It was absurdly simple.

Apart from needing to bake it twice as long as the box directed, it turned out fantastically! It was a stunning, amazing success! I can't believe I've been afraid of this for so long. And, of course, I now have a week's worth of meals out of it, so I don't have to do much cooking in the coming days. I baked it in a parchment-lined dish to make clean-up easier (we are all familiar with those dish detergent commercials with all the caked on guck...lasagne is frequently the implied culprit).

Here it is...
Not bad, eh?

What's next?

Monday, February 04, 2008

Cookbook Review: Fine Cooking Annual, Volume Two

The flap reads: "Chock full of more than 200 delicious recipes and 300 color photographs, Fine Cooking Annual, Volume 2, is packed with a year's worth of the best recipes, tips, and techniques from Fine Cooking magazine."

Prior to acquiring this book from Random House, I wasn't familiar with the magazine at all, but I am all of a sudden a new fan. The Fine Cooking Annual, Volume 2, is a beautiful, mesmerizing hunk of food porn indeed.

Covering all the usual topics from starters to soups to salads, to poultry to seafood to desserts, the volume also includes very clear instructions on how perform various culinary techniques, like how to cook and pick whole crabs (page 265), how to butterfly a whole chicken (page 167), and to properly dice an onion (page 49). Additionally, there are loads of tips about various ingredients. For instance, page 69 is all about demystifying mesclun mix; page 149 provides an olive guide; and pages 276-277 gives you a step-by-step guide on how to trim baby artichokes.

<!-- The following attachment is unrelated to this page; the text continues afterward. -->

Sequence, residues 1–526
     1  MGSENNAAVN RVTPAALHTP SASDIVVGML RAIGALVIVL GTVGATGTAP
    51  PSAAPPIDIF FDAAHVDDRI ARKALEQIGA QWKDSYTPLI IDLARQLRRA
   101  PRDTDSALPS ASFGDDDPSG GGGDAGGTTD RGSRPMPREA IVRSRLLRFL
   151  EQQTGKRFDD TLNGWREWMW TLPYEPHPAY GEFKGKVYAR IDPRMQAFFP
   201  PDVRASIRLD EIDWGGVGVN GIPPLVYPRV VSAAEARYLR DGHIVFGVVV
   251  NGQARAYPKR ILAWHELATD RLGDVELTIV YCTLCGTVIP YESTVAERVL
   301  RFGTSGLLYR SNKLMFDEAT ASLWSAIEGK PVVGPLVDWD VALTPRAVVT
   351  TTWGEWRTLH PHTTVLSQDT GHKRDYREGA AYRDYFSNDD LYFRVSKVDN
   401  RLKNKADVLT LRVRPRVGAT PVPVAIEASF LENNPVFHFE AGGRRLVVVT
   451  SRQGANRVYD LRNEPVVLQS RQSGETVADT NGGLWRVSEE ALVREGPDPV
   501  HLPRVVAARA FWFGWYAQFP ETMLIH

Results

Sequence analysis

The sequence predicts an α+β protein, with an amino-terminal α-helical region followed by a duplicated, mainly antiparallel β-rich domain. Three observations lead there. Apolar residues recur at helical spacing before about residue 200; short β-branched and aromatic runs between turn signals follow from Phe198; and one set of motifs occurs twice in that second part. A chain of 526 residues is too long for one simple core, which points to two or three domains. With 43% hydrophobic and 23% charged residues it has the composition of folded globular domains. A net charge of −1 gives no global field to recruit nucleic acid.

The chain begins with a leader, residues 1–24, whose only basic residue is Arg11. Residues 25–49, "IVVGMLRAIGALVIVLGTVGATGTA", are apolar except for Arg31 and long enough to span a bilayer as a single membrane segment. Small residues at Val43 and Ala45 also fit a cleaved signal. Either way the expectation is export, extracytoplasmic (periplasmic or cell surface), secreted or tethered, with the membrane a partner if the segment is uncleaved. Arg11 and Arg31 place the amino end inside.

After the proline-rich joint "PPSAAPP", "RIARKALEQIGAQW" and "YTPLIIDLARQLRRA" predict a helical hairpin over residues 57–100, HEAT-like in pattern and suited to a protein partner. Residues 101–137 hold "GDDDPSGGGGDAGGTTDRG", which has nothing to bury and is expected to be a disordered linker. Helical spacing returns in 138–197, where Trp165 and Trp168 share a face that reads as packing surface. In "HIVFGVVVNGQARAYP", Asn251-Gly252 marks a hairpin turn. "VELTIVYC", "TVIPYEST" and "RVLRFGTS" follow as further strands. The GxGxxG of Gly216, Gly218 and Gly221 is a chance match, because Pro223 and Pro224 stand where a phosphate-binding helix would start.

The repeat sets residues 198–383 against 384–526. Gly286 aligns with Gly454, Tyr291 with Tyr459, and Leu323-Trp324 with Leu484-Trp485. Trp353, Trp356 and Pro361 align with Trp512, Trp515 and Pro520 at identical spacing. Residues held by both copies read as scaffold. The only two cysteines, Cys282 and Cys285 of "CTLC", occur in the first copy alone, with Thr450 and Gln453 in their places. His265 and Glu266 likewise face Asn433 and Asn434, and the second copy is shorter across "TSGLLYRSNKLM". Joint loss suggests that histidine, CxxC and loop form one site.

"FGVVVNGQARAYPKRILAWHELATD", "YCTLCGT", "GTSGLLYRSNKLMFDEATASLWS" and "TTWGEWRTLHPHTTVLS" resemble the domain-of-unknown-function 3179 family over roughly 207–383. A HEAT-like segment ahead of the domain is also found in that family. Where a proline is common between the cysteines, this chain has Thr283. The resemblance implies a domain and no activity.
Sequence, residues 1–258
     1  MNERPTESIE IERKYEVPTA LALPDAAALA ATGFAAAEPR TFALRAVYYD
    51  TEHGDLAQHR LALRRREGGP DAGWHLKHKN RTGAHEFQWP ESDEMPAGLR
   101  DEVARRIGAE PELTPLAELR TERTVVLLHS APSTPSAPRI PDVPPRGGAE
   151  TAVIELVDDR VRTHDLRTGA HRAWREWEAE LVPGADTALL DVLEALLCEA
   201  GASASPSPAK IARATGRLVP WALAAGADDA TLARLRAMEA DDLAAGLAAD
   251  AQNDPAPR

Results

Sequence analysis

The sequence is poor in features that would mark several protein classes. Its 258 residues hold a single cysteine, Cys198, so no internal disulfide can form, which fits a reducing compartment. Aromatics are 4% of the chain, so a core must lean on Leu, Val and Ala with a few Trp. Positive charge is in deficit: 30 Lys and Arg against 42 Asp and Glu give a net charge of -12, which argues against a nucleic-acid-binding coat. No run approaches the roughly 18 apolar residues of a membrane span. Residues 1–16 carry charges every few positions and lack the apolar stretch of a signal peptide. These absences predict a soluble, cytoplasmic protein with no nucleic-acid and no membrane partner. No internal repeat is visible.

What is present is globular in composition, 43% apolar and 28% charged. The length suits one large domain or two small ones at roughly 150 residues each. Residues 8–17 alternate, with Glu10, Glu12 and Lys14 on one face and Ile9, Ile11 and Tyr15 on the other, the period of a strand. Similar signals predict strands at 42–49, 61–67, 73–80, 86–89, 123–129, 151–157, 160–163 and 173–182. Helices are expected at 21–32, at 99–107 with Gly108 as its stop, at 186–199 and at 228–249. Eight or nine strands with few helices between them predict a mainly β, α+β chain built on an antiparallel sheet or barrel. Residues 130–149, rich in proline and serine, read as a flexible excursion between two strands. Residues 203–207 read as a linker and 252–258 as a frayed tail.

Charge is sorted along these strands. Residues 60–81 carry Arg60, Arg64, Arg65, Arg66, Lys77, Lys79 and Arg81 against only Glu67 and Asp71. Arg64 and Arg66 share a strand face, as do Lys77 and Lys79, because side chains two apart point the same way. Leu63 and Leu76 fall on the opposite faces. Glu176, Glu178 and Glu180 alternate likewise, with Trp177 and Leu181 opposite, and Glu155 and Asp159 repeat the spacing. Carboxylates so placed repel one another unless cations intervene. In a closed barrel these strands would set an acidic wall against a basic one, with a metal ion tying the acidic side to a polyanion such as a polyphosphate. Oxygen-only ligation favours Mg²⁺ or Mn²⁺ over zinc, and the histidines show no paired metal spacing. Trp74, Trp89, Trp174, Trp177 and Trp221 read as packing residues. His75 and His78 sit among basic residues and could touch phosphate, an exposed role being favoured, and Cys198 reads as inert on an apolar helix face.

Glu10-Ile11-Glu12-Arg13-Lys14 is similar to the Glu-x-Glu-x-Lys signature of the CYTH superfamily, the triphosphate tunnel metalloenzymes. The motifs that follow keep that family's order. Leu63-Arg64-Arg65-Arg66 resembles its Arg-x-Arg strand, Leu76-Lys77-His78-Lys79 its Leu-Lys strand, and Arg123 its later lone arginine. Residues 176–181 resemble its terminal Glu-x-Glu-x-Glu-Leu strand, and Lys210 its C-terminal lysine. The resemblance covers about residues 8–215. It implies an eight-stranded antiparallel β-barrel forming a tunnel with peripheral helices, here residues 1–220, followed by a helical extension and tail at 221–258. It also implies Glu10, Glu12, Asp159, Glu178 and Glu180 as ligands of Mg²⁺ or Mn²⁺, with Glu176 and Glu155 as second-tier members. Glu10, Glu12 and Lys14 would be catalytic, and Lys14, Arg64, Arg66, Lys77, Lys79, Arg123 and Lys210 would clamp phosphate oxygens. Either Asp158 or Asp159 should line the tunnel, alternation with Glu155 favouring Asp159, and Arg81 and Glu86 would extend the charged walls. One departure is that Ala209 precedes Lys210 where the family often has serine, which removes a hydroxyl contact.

The three recipes I chose to make for the purpose of this review were the Chopped Shrimp "Waldorf" Salad on page 87, the Grilled Chicken with Tomato, Lime & Cilantro Salsa on page 136 (pictured), and the Double Ginger Pound Cake on page 352.

The "Waldorf" was excellent and very easy to make. I did substitute low fat mayonnaise, however, but that was one of the things I like about the recipes in this book - you can easily make a lower-fat or healthier version of the recipes if you so choose. The same went for the grilled chicken dish; I omitted the olive oil and it was still great. The salsa was very fresh and perfectly complimented the mild spiciness of the chicken. As for the ginger pound cake, it took much longer to bake than the directions indicated, but the cake itself was moist, flavourful, and had a wonderful, velvet crumb.

While there was a ton of variety in this cookbook, there seemed to me to be one category glaringly missing: breads! I would love to have had a chapter full of wicked new bread recipes. Not that I don't have enough as it is, but still, this book seems a bit incomplete without that key element of a great meal.

This book is well worth the investment for cooks of any calibre. The recipes are well-written and contain easily-found ingredients. The photography is beautiful, and the information on techniques, ingredients, and cook's tips are well-illustrated and simple to follow.